In a deck of playing cards, we use the term face card to describe a card that depicts a person rather than a number. They have also been referred to as court cards and coat cards (I imagine from “coats of arms”). There are many stories about the origin of playing cards, and there may be some truth to all of them. This is not something that matters a great deal, but I do find it interesting.
Playing cards originated in China, but cards used in China did not have face cards. Over time, as people interacted with one another with greater frequency, as they exchanged ideas and cultural practices, playing cards made a steady westward movement—first to Persia, the first to place face cards into a deck. Their human form was a mounted vizier and a seated king. From Persia, playing cards made their way to Egypt; the Mamluk created a third face card. The best-preserved deck of cards can be found in the Topkapi Palace and we find that these cards avoided idolatry by featuring abstract designs for royalty. Playing cards used by commoners may have been configured differently, however, which could explain the appearance of seated kings and mounted knights on Indo-Persian and European cards.
A third court-card may have had a special role to play in Spanish, French, and Italian playing cards. By 1377, the most common playing cards were essentially structured as they are today: each suit containing a seated king and two knights, one of these replaced by a queen in 1400s France, and the other was changed from a knave (servant) (page) to a Jack. The re-designation allowed card manufacturers to change the card’s abbreviation from Kn to J.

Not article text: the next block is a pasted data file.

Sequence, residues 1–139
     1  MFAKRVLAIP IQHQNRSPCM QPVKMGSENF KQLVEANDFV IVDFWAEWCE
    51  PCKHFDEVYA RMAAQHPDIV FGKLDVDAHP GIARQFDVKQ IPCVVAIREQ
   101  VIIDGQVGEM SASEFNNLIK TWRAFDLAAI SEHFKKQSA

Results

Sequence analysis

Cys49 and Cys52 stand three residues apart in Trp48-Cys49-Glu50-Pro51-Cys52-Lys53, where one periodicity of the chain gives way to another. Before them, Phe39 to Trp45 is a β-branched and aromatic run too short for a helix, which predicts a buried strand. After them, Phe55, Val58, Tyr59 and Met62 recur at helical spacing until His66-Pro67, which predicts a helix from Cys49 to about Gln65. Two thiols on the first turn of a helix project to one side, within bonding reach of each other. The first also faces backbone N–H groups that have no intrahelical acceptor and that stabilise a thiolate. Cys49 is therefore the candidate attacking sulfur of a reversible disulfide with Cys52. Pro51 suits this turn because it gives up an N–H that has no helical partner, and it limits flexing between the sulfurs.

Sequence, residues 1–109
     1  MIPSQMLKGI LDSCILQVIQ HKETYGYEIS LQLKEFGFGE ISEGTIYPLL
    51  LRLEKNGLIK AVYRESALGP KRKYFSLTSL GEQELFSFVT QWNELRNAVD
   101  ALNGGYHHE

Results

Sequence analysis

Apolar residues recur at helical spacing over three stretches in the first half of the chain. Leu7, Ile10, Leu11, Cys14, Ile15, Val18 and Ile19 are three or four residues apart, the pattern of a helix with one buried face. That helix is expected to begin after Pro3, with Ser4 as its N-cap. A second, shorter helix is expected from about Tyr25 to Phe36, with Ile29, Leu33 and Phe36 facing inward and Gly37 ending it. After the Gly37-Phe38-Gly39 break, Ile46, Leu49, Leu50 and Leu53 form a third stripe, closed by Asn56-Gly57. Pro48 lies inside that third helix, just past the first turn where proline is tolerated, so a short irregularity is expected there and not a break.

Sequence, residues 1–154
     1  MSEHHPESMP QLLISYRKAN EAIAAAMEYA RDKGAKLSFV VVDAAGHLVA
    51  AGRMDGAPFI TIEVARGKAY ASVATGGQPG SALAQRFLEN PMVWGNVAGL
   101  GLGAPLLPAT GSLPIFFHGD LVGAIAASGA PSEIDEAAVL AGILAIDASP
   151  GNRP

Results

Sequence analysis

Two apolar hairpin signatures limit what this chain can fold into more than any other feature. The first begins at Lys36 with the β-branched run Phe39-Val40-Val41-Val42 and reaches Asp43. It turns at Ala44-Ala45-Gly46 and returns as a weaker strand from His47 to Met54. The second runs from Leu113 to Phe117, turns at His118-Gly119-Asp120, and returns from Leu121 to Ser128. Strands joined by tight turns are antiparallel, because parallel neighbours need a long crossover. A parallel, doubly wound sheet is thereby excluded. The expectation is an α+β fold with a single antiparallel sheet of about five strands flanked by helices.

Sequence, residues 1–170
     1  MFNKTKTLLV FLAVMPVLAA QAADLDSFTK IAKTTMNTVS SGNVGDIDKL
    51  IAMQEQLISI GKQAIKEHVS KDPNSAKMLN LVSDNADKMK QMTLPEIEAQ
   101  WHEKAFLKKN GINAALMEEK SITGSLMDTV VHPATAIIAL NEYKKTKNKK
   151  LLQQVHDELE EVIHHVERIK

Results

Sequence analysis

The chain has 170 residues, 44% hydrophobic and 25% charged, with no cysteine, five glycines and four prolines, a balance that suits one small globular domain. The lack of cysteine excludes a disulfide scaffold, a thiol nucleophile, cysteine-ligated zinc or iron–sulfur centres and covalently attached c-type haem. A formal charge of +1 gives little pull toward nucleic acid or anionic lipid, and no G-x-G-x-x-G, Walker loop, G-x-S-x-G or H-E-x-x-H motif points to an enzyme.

The Jacks, popularly named in France, were Ogier the Dane (a mythical character from early French poetry) for the Jack of Spades, Hector, from Greek mythology for the Jack of Diamonds, Lancelot du Lac (Lancelot of the lake, baptized as Galahad) was one of the Knights of the Round Table in the Arthurian legends —our Jack of Clubs, and the Jack of Hearts, Étienne de Vignolles called La Hire, a French military commander during the Hundred-years’ War,
History remembers Étienne de Vignolles as the ablest military commander serving under the 17-year old field commander, Joan d’Arc. He lived from 1390 to 1443 and may have participated in the Battle of Agincourt in 1415, where the French were first introduced to England’s longbow. He was clearly aligned with the cause to restore Charles VII after 1418. History remembers our Jack as loud, vulgar, and quick-tempered and his nickname La Hire may be a corruption of Ira Dei (wrath of God). He first fought with Joan during the Battle of Orleans and became her trusted right-hand during all subsequent battles. He led an audacious charge against the English at Patay in 1429, an action that resulted in the virtual destruction of the English field army and most veteran commanders. Over the next several weeks, subsequent gains in territory permitted the French to crown their new king on 17 July 1429.
Seeking to tame the beast within his breast, Joan’s influence over La Hire was a positive one, including his attendance at Confession … which, in addition to the filthy beast, soon included most of his lieutenants. At the end of Joan’s life, La Hire was one of only two French knights making the attempt to rescue her from English captivity. It was thus that La Hire found himself imprisoned by the English until a ransom was paid for his release. Afterwards, La Hire continued to fight the English during Charles VII’s re-conquest of Normandy. La Hire was appointed Captain General of Normandy in 1438. In a few years, our Jack of Hearts would be dead —the reason for his demise uncertain— as he vanished, wrote one romantic, in the mist of battle.